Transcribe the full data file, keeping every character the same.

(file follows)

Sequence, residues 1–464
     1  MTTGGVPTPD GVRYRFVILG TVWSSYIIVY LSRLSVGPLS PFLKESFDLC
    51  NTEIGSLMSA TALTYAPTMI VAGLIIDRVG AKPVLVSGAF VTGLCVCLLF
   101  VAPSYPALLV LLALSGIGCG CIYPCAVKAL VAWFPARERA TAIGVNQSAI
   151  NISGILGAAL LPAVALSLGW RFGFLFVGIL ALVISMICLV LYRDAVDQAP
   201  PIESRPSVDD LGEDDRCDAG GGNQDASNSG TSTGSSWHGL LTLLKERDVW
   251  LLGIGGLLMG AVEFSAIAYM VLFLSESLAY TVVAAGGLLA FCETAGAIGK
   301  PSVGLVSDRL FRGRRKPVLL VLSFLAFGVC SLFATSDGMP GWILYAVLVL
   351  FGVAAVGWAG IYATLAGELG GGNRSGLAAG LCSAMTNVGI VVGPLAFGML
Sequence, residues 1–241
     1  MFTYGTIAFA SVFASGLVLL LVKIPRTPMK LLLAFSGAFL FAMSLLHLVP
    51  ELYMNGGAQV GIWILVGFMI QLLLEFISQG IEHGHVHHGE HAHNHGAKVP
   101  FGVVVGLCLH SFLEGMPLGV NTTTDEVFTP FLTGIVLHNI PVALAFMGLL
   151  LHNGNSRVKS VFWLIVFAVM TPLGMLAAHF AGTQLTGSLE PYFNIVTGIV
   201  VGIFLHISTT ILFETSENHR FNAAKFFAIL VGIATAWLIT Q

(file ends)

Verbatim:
Sequence, residues 1–464
     1  MTTGGVPTPD GVRYRFVILG TVWSSYIIVY LSRLSVGPLS PFLKESFDLC
    51  NTEIGSLMSA TALTYAPTMI VAGLIIDRVG AKPVLVSGAF VTGLCVCLLF
   101  VAPSYPALLV LLALSGIGCG CIYPCAVKAL VAWFPARERA TAIGVNQSAI
   151  NISGILGAAL LPAVALSLGW RFGFLFVGIL ALVISMICLV LYRDAVDQAP
   201  PIESRPSVDD LGEDDRCDAG GGNQDASNSG TSTGSSWHGL LTLLKERDVW
   251  LLGIGGLLMG AVEFSAIAYM VLFLSESLAY TVVAAGGLLA FCETAGAIGK
   301  PSVGLVSDRL FRGRRKPVLL VLSFLAFGVC SLFATSDGMP GWILYAVLVL
   351  FGVAAVGWAG IYATLAGELG GGNRSGLAAG LCSAMTNVGI VVGPLAFGML
Sequence, residues 1–241
     1  MFTYGTIAFA SVFASGLVLL LVKIPRTPMK LLLAFSGAFL FAMSLLHLVP
    51  ELYMNGGAQV GIWILVGFMI QLLLEFISQG IEHGHVHHGE HAHNHGAKVP
   101  FGVVVGLCLH SFLEGMPLGV NTTTDEVFTP FLTGIVLHNI PVALAFMGLL
   151  LHNGNSRVKS VFWLIVFAVM TPLGMLAAHF AGTQLTGSLE PYFNIVTGIV
   201  VGIFLHISTT ILFETSENHR FNAAKFFAIL VGIATAWLIT Q